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The Marquis: Inferno

Written by David Bird on Monday, January 11 2010 and posted in Blog
Writer: Guy Davis, Artist: Guy Davis
Published by Dark Horse, 2009

As an artist, Guy Davis can do anything and do it well. In the design of each page and panel, the depiction of epic battles and subtle emotions, of historical minutiae and undreamt of technology, the range and depth of his skill stands up to anyone’s. I’ve known that for some time. The Marquis: Inferno was my introduction to Davis the writer.

It collects three stories written between 1997 and 2003 and introduces Vol de Galle, an inquisitor who lives in a world loosely modeled on 18th century France, and has spent his life serving a Church very different from any that we would recognize. Principle among its teachings is the idea that evil behavior is not caused by our own agency but by the influence of devils. Armed with a mask that allows him to see the demons, de Galle becomes the feared Marquis, and launches a one man war against the monsters who inhabit the city of Venisalle.

The strongest story is Danse Macabre. It introduces the zealous de Galle, a man plagued by doubts, about himself and his faith. I found I could take the story at face value, but that it was also open to an alternative interpretation: that his actions are those of a madman. That de Galle’s battle with his faith and its hypocrisy have broken his mind. Even his revelation in chapter five can be read an attempt to rework his initial rationale in order to continue his crusade. That the next two stories make it clear that the book really is about the Marquis sending demons back to Hell was almost a disappointment.

In his introduction Mignola writes of Davis’ obvious love for monsters, but I can’t think of another artist who comes close to portraying the horrors of damnation. Most comic book monsters lean on Kirby or Lovecraft (or both), but Davis’ Hell would thrill Hieronymus Bosch.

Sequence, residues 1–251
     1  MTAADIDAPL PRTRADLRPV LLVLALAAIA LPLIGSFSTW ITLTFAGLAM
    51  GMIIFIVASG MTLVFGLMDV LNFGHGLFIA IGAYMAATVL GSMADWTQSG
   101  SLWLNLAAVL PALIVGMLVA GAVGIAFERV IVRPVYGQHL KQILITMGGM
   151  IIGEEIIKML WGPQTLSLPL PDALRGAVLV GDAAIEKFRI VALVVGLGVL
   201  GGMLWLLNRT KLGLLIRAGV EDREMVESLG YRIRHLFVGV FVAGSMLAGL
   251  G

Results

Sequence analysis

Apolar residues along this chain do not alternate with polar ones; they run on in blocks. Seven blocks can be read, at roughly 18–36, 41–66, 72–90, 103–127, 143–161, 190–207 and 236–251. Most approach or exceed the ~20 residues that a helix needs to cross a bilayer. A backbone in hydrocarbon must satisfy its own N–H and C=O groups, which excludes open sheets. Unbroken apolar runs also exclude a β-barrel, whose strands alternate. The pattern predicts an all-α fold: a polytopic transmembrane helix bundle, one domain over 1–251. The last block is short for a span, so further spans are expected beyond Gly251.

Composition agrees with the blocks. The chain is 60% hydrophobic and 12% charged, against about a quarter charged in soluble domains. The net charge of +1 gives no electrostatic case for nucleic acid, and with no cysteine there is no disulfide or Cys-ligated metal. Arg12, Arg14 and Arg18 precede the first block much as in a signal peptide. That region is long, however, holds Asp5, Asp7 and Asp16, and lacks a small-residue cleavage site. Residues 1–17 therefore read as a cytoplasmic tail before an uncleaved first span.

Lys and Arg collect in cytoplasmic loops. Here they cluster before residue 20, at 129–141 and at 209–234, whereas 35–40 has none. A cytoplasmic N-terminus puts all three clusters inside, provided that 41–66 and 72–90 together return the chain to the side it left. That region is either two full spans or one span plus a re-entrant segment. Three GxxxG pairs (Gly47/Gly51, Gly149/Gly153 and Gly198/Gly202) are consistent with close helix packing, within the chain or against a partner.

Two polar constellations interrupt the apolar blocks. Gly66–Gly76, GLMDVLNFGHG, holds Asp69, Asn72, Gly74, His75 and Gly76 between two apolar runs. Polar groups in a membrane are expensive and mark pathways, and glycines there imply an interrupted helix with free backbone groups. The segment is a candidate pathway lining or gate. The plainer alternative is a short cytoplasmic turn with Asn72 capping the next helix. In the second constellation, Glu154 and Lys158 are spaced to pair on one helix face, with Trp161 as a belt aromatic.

As a reviewer I almost always write very positive reviews, and, though they tend to lack the pithy quotes ad copy writers look for, I sometimes worry that I don’t come across as balanced as I should (as I am!). The fact is I don’t have to write reviews and I don’t enjoy tearing things down. I do read comics I think are absolute rubbish, but I am rarely motivated to waste any more time on them by reviewing them. I want to give a more balanced representation of what I read, but I have more interesting things to do with my time rant on about what annoys me (usually, and last week’s review notwithstanding). My review of The Marquis is not going to change anything. Having already praised Davis’ artistic talents, I have to say his writing matches it incredibly well and that this book establishes him as one of the best cartoonists in the medium. I look forward to three new volumes beginning this year.

Originally Published on David Bird's Blog. See the original post here .

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